We, as developers, use null because it is easy (to write down) and because we believe it improves the efficiency of our software. By making this mistake we ignore that the code is read up to 10 times more than it is written. Reading code with nulls is more arduous and difficult. Therefore, we are only postponing the problem later. Regarding efficiency (which is the most used excuse to generate coupling). Unless in very specific and critical cases, its performance loss is negligible. And it is just justified in those systems that prioritize efficiency over readability, adaptability, and, maintainability (there's always a trade-off regarding quality attributes).
This cognitive bias persisted over time although according to the current state of the art, modern virtual machines optimize the code for us. To use evidence instead of gut we just need to start benchmarking instead of keep on erroneously claiming that efficiency is more important than readability.
Null is (ab)used to mask unexpected situations and spread the error in the code too far away, generating the much-feared ripple effect.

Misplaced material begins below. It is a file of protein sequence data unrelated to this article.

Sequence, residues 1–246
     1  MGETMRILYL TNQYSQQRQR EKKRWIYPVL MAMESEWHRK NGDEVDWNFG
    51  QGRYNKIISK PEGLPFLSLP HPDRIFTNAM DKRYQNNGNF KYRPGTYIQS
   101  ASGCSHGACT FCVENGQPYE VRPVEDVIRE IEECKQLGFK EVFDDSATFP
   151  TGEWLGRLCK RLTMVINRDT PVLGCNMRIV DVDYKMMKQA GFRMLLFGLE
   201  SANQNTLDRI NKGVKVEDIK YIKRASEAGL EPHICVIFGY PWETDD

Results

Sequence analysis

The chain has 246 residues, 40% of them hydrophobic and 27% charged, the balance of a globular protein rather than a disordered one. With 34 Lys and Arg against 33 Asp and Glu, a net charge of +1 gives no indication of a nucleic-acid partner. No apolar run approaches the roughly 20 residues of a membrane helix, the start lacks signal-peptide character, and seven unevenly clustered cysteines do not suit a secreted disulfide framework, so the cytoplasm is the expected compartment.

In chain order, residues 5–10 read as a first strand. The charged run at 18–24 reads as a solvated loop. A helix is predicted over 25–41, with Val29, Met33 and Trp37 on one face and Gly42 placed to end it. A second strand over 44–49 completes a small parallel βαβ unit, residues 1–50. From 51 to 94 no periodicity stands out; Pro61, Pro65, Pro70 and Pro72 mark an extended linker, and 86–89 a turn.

One of the principles of good design is to fail fast.
Example 2: Given a data entry form for a patient we are requested to fill in the date of birth. If there is an error in the visual component and the object creation, it could be built with a null date of birth. When running some nightly batch process that collects all the dates of the patients to calculate an average age, the admitted patient will generate an error.
The stack with useful information for the developer will be very far from where the defect is present. Happy Debugging!
Photo by Victoria Heath on Unsplash
What is more, there might be different systems with different programming languages, data transmission through an API, files, etc. The developer's nightmare is having to debug that bug early in the morning and try to find the problem's root cause.
Null is used in many ways, as we listed above. If we allow incomplete models, non-completeness is usually modeled with a null. This adds complexity by populating the code with controlling ifs.
The presence of nulls generates repeating code and messes up the code with multiple ifs controls.
Fostering incomplete models forces us to make two additional mistakes:
- Pollute code with setters to complete the essential information needed.
- Build mutable models violating bijection ignoring real-world entities that do not mutate their essence.
Typed languages that do not handle optionally